Monday, June 9, 2014

How do we know what we know?

In Chapter 2 of God Revised entitled "How We Know: The Quest For Certainty", Rev. Guengerich traces a brief history of epistemology when it comes to religion. Jews, Christians, and Muslims are known as "the people of the book" because they base their beliefs on the claimed authority of divine revelation of their scriptures.  Guengerich writes, "What comes first, belief or understanding?" p.33 What I think he means is, do our beliefs come from our understanding, or does our understanding come from our beliefs. If we get our beliefs from what we are told is the revealed word of God in a holy scripture, this is a powerful influencer of our understanding of our experience which we interpret through that lens of belief. On the other hand, if we pay attention to our empirical experience and then draw conclusions we are developing our beliefs from our understanding.

Unitarian Universalists are not people of the book. They tend to be more practical and rely on their experience as a test of what to put their faith in. The problem with this approach is that we can be easily fooled by our own bias. Rev. Guengerich retells David Foster Wallace's story: "There are these two young fish swimming along and they happen to meet an older fish swimming the other way, who nods at them, and says, 'Morning, boys. How's the water?' And the two young fish swim on for a bit, and then eventually one of them looks over at the other and goes, 'What the hell is water?'" p.28 Unitarian Universalists have been accused to being "too intellectual" and "smug". Perhaps we assume more than we should and think, in our not knowing, that we know that we don't know and so are better than those who think they know.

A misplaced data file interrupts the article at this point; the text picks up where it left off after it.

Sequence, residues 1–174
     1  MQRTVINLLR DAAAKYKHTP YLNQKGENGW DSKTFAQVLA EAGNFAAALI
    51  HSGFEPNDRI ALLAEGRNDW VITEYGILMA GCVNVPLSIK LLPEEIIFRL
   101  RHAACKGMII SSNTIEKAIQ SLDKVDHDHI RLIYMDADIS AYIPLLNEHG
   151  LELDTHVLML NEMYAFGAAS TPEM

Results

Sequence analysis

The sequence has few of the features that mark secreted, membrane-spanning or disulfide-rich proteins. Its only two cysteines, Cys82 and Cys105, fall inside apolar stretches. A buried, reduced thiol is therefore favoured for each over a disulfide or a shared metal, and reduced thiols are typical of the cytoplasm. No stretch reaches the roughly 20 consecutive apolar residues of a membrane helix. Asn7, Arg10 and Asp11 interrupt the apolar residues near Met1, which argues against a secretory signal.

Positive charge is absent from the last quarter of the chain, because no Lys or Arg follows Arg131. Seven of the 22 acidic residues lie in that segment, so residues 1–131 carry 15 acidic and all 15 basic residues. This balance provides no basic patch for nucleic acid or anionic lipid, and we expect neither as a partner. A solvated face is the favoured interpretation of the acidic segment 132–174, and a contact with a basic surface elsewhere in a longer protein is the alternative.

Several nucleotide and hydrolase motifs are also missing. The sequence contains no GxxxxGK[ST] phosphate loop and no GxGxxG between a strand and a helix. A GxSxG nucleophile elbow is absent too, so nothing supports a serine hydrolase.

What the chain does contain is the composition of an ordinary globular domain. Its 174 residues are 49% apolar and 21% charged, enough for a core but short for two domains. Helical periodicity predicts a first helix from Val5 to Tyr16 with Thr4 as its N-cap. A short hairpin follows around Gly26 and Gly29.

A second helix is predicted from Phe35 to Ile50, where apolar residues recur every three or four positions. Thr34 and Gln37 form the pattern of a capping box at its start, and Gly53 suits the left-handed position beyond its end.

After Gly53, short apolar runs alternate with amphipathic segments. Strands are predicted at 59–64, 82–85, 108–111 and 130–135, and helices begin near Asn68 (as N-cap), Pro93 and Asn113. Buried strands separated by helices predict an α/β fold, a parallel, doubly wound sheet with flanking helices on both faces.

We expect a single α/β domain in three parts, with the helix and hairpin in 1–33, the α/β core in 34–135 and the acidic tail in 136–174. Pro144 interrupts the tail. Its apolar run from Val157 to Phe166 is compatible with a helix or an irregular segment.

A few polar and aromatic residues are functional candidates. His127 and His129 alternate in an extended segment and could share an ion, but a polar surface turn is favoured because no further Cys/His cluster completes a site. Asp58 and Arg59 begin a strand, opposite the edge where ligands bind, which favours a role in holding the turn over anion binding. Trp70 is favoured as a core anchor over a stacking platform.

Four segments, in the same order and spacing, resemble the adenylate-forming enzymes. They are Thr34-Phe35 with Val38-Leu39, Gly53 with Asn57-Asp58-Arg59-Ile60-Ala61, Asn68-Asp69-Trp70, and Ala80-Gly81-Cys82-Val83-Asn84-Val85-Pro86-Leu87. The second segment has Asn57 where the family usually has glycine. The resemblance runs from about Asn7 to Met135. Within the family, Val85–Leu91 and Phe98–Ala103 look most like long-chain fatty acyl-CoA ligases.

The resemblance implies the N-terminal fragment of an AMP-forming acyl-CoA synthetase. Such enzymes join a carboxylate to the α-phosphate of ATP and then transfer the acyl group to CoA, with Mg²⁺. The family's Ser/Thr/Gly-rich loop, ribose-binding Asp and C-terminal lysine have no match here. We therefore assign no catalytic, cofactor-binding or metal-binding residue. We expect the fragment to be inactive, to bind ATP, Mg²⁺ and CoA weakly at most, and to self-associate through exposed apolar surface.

Rev. Guengerich writes, "The idea of a God who ensures that everything will ultimately be all right is enormously appealing. The Bible says (Romans 8:28) that 'All things work together for good for those who love God' - a lovely sentiment. It just happens to be wrong. Sometimes things work out for ill, and sometimes things don't work out at all. Without an authoritative revelation from a supernatural God, life can sometimes be lonely, and even bewildering." p.42 The psychologists and philosophers call it "existential anxiety". The belief in a supernatural God who is in charge of us and our lives quells our anxieties and comforts us, but this is a childish belief similar to our dependence on our parents when we were children. At some point our parents are not there any more and we must learn how to care for ourselves and others. One of my favorite models of human development goes like this: You believe in Santa. You don't believe in Santa. You become Santa. We come to a point in our maturity when we take responsibility for ourselves, for others, and for the world we live in. The question remains, "How do we know the right way to live?" As Socrates said over two millenia ago, "The unexamined life is not worth living." and a healthy religion is one that helps us examine our lives and supports our efforts to achieve a greater quality of health and happiness. Can Unitarian Universalism do that? If so, how?

My Kind Of Church Music - I know what I know, Paul Simon

3 comments:

  1. Millie: "How often do planes crash?"

    Sally: "Just once I imagine."

    ReplyDelete
  2. How about this one?

    A lawyer was coaching his client, a gangster, on his upcoming court appearance.
    "You'll tell the truth," the attorney said, "plain and simple. Okay?

    "Okay," said the gangster, "I'll try anything once."

    ReplyDelete
  3. The ego would like you to think that you are in control. Some people have such a need to be right that they would rather die than admit they are wrong. It is written in ACIM, "Would you rather be right or be happy?"

    ReplyDelete